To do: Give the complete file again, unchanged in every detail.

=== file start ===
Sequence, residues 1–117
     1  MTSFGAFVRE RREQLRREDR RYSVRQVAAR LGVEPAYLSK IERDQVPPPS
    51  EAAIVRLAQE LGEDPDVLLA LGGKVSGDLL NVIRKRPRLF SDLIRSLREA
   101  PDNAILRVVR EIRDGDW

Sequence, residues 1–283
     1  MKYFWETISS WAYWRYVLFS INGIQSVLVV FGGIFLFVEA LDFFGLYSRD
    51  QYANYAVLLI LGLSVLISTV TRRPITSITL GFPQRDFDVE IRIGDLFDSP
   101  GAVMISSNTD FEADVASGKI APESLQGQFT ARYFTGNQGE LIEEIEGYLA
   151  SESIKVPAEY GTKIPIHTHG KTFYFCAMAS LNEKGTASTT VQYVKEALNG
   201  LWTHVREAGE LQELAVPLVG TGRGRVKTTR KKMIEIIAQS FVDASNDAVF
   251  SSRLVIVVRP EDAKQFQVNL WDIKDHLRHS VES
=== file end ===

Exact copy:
Sequence, residues 1–117
     1  MTSFGAFVRE RREQLRREDR RYSVRQVAAR LGVEPAYLSK IERDQVPPPS
    51  EAAIVRLAQE LGEDPDVLLA LGGKVSGDLL NVIRKRPRLF SDLIRSLREA
   101  PDNAILRVVR EIRDGDW

Sequence, residues 1–283
     1  MKYFWETISS WAYWRYVLFS INGIQSVLVV FGGIFLFVEA LDFFGLYSRD
    51  QYANYAVLLI LGLSVLISTV TRRPITSITL GFPQRDFDVE IRIGDLFDSP
   101  GAVMISSNTD FEADVASGKI APESLQGQFT ARYFTGNQGE LIEEIEGYLA
   151  SESIKVPAEY GTKIPIHTHG KTFYFCAMAS LNEKGTASTT VQYVKEALNG
   201  LWTHVREAGE LQELAVPLVG TGRGRVKTTR KKMIEIIAQS FVDASNDAVF
   251  SSRLVIVVRP EDAKQFQVNL WDIKDHLRHS VES